Validating the Berg Balance Scale for patients with Parkinson's disease: a key to rehabilitation evaluation

UMMS Affiliation

Department of Medicine, Division of Preventive and Behavioral Medicine

Publication Date


Document Type



Activities of Daily Living; Aged; Aged, 80 and over; Humans; Male; Middle Aged; Parkinson Disease; Reproducibility of Results


Behavioral Disciplines and Activities | Behavior and Behavior Mechanisms | Community Health and Preventive Medicine | Preventive Medicine


OBJECTIVE: To assess the criterion-related validity of the Berg Balance Scale (BBS) in subjects with Parkinson's disease (PD).

DESIGN: Prospective, correlational analysis between the BBS and accepted measures of PD motor and functional impairment.

SETTING: The federally funded PD research center, an interdisciplinary center of excellence for people with PD within a Veterans Affairs medical center.

PARTICIPANTS: Thirty-eight men (average +/- standard deviation, 71.1+/-10.5 y) with confirmed PD. Their initial diagnosis had been made on average 5.8+/-3.6 years earlier. All could stand or walk unassisted and had mild to moderate disability. Patients who could not ambulate without assistive devices were excluded.

INTERVENTIONS: Not applicable.

MAIN OUTCOME MEASURES: Correlational analyses between the BBS and the Unified Parkinson's Disease Rating Scale (UPDRS) motor scale, Modified Hoehn and Yahr Staging (Hoehn and Yahr) Scale, and the Modified Schwab and England Capacity for Daily Living Scale (SandE ADL Scale).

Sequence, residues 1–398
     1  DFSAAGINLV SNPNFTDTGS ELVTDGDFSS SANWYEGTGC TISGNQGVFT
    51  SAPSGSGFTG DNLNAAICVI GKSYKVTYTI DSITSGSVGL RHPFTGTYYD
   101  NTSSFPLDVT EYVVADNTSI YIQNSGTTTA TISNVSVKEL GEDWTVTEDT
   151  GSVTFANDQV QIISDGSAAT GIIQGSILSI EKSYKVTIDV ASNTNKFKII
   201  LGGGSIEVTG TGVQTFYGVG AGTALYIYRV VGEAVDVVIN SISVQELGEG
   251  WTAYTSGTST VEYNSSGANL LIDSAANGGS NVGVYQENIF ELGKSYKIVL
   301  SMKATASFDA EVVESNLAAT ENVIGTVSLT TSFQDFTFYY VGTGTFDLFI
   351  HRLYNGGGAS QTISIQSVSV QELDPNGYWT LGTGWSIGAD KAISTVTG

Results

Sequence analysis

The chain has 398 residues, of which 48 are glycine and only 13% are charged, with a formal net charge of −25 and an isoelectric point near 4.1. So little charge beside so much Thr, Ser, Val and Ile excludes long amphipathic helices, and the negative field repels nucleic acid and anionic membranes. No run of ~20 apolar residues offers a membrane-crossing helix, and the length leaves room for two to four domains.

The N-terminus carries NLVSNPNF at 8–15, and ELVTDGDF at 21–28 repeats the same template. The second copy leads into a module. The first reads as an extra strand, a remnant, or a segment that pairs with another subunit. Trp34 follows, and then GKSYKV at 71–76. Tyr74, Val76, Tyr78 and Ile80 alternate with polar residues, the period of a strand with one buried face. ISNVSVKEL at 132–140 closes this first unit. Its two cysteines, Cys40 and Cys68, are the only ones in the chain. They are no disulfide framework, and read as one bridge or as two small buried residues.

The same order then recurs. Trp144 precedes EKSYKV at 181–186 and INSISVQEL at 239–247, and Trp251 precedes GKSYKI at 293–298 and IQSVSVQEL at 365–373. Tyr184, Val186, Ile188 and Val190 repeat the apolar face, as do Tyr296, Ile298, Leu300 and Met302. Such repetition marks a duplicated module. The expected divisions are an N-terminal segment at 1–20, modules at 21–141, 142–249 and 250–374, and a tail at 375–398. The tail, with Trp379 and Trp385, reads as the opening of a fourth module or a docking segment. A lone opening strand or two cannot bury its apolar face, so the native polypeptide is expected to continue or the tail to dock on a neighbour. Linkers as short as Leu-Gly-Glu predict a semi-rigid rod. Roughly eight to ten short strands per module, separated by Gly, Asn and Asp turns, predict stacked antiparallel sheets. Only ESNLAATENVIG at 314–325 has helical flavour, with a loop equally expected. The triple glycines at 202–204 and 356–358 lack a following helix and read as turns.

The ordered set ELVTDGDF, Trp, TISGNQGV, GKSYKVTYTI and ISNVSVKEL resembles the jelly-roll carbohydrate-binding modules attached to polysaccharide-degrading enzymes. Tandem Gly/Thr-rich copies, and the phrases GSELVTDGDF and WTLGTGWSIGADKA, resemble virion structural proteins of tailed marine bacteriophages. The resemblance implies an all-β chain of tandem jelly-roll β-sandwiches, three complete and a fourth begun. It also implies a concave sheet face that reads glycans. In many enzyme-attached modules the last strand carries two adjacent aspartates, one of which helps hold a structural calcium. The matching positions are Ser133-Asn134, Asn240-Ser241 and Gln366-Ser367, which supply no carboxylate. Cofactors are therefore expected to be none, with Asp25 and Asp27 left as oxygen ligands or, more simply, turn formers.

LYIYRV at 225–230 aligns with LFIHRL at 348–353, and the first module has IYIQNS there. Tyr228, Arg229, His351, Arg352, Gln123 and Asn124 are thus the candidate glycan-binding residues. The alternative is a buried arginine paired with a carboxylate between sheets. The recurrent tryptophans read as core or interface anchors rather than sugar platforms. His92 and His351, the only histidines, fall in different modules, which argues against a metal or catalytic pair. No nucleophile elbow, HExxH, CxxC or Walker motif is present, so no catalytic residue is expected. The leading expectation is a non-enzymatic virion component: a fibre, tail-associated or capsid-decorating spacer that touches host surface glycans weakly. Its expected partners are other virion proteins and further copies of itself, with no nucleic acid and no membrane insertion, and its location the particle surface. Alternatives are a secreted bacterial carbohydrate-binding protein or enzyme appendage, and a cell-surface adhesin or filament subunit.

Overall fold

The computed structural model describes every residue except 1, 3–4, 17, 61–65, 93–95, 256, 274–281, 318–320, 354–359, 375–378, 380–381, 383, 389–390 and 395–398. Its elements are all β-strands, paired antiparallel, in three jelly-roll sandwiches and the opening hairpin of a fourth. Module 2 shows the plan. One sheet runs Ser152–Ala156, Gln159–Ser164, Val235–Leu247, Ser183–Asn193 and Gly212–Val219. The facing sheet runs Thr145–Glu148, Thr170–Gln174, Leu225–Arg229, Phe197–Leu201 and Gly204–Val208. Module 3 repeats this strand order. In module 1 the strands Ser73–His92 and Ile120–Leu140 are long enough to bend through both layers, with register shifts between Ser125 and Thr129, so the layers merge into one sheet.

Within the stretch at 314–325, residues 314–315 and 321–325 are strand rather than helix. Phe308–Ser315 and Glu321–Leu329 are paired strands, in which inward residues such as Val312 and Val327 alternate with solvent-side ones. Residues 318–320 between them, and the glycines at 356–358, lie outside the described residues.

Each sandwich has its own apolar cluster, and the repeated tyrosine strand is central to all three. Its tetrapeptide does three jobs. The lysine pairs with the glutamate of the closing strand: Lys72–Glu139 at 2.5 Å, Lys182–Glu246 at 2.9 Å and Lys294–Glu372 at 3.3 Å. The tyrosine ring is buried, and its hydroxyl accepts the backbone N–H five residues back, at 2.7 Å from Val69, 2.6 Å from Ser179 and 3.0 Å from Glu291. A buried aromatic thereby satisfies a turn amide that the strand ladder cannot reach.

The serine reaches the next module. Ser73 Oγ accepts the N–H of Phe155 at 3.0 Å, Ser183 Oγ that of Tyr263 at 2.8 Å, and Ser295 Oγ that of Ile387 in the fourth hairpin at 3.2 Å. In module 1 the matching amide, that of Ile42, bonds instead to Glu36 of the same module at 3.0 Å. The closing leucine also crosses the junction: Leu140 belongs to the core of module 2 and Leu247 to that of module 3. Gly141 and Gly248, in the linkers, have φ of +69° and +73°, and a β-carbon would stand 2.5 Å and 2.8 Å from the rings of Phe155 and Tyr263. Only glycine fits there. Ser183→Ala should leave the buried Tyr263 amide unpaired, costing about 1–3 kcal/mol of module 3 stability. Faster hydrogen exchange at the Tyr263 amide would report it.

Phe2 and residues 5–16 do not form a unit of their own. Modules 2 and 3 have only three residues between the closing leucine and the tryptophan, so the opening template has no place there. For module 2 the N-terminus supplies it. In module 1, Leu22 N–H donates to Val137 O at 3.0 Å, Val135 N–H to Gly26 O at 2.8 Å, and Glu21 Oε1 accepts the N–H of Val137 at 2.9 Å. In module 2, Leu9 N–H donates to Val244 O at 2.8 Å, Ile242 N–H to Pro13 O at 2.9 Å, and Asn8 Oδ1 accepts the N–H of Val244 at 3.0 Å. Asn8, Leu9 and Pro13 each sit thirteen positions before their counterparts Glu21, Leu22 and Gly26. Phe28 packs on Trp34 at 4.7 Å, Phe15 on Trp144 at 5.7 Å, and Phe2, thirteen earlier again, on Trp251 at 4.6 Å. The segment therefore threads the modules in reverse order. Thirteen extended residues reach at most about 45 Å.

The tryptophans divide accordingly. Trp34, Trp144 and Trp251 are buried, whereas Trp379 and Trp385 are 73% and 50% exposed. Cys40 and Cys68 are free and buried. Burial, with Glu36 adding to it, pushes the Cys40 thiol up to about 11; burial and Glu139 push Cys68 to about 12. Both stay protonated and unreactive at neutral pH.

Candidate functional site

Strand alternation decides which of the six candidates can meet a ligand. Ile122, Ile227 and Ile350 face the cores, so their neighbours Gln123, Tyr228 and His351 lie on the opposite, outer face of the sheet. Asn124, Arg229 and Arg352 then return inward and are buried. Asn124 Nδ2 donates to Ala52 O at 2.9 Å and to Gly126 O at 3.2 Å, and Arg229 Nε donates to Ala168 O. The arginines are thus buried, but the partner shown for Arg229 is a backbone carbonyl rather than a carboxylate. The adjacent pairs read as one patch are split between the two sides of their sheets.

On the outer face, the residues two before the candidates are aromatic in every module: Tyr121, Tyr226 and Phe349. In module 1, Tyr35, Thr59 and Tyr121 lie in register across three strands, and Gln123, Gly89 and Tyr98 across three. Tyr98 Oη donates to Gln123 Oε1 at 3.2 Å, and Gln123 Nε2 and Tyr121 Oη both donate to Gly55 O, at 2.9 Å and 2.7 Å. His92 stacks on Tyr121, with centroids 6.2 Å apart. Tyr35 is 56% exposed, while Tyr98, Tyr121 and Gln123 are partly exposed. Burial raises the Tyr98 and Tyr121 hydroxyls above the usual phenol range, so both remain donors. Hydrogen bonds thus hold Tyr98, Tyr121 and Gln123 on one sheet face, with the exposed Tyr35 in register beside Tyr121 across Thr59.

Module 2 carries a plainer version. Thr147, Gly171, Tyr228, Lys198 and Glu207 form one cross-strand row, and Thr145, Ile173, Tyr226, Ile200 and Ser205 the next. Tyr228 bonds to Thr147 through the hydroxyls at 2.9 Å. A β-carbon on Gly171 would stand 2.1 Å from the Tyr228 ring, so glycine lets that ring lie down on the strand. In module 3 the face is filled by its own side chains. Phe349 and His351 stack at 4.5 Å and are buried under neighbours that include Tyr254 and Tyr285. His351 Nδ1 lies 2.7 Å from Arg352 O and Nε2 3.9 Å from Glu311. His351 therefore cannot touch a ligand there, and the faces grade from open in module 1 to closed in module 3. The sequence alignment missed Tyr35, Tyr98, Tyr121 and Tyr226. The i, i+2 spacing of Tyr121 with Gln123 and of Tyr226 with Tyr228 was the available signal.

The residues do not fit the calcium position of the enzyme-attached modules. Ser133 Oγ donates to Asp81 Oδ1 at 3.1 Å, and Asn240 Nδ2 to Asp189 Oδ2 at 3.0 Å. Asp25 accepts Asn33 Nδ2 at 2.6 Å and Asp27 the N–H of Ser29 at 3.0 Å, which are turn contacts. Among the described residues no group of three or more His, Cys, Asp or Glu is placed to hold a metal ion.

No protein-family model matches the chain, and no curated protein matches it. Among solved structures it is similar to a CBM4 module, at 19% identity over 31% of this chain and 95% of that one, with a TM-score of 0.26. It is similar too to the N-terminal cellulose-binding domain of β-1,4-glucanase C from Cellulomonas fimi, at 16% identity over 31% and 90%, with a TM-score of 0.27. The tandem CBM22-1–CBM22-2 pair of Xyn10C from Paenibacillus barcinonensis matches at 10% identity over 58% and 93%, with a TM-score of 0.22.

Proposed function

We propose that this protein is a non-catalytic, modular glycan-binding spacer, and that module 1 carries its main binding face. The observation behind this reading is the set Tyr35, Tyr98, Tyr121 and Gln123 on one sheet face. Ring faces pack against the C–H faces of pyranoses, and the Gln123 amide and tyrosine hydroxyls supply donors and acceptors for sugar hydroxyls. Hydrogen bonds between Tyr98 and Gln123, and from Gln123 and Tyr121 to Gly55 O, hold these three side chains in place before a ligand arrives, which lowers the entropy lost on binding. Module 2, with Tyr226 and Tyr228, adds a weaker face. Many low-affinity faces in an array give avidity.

RESULTS: BBS score showed significant correlations with indicators of motor functioning, stage of disease, and daily living capacity. BBS score was inversely associated with the UPDRS motor score (-.58, P <.005), Hoehn and Yahr Scale staging (-.45, P <.005), and SandE ADL Scale rating (.55, P <.005). In all 3 correlations, lower scores on the BBS (indicating greater balance deficits) correlated with higher UPDRS scores (indicating greater motoric or functional impairment).

CONCLUSIONS: Results support the criterion-related validity of the BBS. Its utility in other balance conditions of older adults has been established. Rehabilitation interventions have been shown to improve the balance deficits associated with PD. Early referral and periodic reassessment is vital to achieving and maintaining improvements. Our research results agree with other published research in suggesting that the BBS may be used as a screening tool and ongoing assessment tool for patients with PD.

DOI of Published Version



Arch Phys Med Rehabil. 2005 Apr;86(4):789-92. Link to article on publisher's site

Journal/Book/Conference Title

Archives of physical medicine and rehabilitation 16271578


At the time of publication, Rashelle Hayes (Rashelle Brown) was not yet affiliated with the University of Massachusetts Medical School.

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Link to Article in PubMed

PubMed ID